That’s why, over the past six years, we’ve done more than ever before to combat climate change, from the way we produce energy, to the way we use it.  That’s why we’ve set aside more public lands and waters than any administration in history.  And that’s why I will not let this Congress endanger the health of our children by turning back the clock on our efforts.  I am determined to make sure American leadership drives international action.  In Beijing, we made an historic announcement – the United States will double the pace at which we cut carbon pollution, and China committed, for the first time, to limiting their emissions.  And because the world’s two largest economies came together, other nations are now stepping up, and offering hope that, this year, the world will finally reach an agreement to protect the one planet we’ve got.
His 2015 remarks on climate change reflect a belief or fear that Congress will not act on the issue, or will act to frustrate the Obama administration's efforts on climate change.  In 2013, President Obama asked Congress to develop a market-based solution to climate change, but said he would take executive action if Congress failed to act.  In 2014, he noted Congress's apparent unwillingness to act, and highlighted his administration's proposed new standards on power plant emissions of carbon.  This year's remarks continue the trend of featuring executive-branch solutions, and downplaying the likelihood of near-term legislative support.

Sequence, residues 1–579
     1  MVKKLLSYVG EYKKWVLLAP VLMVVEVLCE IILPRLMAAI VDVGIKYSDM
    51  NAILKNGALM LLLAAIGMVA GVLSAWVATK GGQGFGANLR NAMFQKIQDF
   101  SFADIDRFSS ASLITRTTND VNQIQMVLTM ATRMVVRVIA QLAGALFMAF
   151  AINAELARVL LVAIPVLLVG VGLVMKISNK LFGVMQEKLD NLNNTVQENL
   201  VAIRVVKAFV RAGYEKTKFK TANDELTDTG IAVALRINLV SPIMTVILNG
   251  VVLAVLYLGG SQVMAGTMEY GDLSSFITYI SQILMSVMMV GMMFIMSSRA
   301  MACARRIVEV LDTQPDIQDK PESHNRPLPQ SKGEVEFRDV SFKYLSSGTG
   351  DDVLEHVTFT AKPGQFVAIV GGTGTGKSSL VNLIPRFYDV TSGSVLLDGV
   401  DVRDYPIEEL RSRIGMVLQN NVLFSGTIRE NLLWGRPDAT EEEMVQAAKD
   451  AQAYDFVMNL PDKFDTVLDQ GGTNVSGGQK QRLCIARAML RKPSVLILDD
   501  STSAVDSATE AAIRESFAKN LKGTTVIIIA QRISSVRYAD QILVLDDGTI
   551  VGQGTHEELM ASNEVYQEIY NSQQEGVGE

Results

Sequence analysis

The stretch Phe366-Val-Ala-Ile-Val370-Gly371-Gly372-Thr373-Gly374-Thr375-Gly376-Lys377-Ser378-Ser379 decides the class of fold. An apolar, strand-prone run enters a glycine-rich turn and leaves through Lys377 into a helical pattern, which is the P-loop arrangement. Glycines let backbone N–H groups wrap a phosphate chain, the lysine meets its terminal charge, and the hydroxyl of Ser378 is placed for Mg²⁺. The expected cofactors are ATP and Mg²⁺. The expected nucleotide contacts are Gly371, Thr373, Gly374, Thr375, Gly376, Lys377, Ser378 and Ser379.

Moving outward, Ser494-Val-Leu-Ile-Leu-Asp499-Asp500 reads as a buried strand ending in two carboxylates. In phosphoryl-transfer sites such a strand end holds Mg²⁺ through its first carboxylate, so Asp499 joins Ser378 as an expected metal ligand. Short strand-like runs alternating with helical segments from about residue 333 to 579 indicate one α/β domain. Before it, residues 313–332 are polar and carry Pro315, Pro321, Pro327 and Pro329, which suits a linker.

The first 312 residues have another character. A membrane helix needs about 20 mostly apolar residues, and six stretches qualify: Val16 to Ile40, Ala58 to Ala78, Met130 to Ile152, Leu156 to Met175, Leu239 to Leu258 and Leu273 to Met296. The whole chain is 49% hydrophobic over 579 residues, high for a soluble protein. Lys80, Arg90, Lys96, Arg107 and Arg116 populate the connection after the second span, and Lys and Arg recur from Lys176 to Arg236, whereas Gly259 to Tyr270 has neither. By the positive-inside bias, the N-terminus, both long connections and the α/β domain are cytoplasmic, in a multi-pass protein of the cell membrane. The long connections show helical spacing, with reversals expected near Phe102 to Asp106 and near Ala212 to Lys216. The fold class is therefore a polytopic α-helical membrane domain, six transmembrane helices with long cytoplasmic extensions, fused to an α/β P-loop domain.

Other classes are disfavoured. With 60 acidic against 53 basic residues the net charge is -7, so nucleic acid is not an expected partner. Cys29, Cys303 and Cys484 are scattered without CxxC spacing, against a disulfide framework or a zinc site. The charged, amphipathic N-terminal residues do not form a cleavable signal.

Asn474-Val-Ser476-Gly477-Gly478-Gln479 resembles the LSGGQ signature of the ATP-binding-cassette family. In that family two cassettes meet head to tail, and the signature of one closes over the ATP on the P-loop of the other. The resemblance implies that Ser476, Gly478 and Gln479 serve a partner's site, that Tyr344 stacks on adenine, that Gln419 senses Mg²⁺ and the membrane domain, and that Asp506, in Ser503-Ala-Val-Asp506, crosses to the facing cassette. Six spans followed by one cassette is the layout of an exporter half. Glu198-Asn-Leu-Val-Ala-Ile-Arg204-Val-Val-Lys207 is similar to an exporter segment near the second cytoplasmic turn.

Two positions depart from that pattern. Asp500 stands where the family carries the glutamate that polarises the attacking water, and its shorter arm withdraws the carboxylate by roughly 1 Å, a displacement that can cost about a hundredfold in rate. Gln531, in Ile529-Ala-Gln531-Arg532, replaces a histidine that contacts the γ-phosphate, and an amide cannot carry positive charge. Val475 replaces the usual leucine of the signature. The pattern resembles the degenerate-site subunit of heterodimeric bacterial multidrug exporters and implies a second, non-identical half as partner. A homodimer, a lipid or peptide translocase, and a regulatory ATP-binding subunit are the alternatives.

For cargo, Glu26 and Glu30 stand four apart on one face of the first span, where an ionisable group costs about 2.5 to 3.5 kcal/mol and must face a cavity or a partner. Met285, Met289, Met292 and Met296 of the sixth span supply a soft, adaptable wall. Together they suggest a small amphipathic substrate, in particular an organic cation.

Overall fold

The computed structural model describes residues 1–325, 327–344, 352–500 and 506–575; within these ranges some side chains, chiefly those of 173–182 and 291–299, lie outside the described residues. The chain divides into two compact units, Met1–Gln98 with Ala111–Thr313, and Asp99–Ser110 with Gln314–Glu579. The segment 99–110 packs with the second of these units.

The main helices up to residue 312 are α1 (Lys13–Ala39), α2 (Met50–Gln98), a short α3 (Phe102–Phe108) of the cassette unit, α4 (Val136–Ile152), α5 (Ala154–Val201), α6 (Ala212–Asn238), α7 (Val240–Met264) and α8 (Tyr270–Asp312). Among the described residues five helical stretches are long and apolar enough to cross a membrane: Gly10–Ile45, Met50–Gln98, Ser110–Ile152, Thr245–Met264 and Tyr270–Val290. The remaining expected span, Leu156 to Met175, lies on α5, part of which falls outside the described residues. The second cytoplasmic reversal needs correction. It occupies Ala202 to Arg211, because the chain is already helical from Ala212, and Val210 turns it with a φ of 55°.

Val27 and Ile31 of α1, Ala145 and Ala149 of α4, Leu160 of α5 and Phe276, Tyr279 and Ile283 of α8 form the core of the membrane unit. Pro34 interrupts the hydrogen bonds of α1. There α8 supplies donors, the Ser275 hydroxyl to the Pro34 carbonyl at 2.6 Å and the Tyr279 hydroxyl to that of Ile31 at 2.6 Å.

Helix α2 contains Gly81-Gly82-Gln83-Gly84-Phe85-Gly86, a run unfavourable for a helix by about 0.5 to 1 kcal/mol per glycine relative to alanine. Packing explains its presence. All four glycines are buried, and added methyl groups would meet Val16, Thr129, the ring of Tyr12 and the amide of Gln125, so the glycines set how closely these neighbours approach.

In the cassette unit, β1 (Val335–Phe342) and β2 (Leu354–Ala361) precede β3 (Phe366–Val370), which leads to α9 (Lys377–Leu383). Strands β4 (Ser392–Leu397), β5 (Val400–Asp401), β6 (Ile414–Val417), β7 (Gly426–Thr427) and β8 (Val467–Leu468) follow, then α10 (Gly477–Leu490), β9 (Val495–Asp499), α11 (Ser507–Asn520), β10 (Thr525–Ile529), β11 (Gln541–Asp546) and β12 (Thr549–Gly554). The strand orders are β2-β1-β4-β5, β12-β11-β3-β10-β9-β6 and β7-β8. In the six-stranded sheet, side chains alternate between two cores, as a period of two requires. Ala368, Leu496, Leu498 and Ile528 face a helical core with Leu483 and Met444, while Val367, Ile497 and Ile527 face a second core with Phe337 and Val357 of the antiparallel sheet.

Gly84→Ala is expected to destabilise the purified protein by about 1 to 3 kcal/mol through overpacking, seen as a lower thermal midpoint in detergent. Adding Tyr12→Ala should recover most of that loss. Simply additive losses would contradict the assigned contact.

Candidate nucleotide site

Will U.S. production of energy continue to grow?  What economic, political, and national security impacts will flow from the shifts in and growth of the U.S. energy sector?  Will the U.S. continue to act -- or take more serious action -- on climate change?  The remainder of 2015 -- and of President Obama's term in office, which runs into January 2017 -- will show how these themes evolve.

Topaz Solar becomes largest solar power project

Tuesday, January 6, 2015

A recent expansion has made a California solar energy project the world’s largest solar facility. Built in three phases, MidAmerican Renewables LLC’s Topaz Solar project in San Luis Obispo County now sports 550 MW total generating capacity.

A small distributed solar photovoltaic installation in Arches National Park, Utah -- much smaller than the Topaz Solar project.

Iowa-based MidAmerican Renewables LLC is a subsidiary of Berkshire Hathaway Energy formed to handle its expansion into the unregulated renewables market.  Its subsidiaries MidAmerican Solar, MidAmerican Wind, MidAmerican Geothermal and MidAmerican Hydro each focus on particular types of renewable energy generating technology.  In all, MidAmerican controls over 3,000 MW of renewable generating capacity in the U.S.

MidAmerican acquired the Topaz Solar project from First Solar in January 2012, after First Solar had acquired previous project developer OptiSolar, Inc.  Project construction began in November 2011, and proceeded in three phases.  Earlier phases came online in February 2013 and in January 2014, for a total of 300 MW of capacity.  With the recent expansion, the 550-megawatt project includes over 8 million photovoltaic modules, installed on 4,700 acres of the Carrizo Plain in the southern California desert.

The power produced by the project is sold to utility Pacific Gas and Electric Company under a 25-year power purchase agreement.  Topaz Solar won the long-term contract rights through its response to a 2007 solicitation by PG&E for renewable power.

According to the Federal Energy Regulatory Commission, the Topaz Solar project is now the world's largest solar energy plant.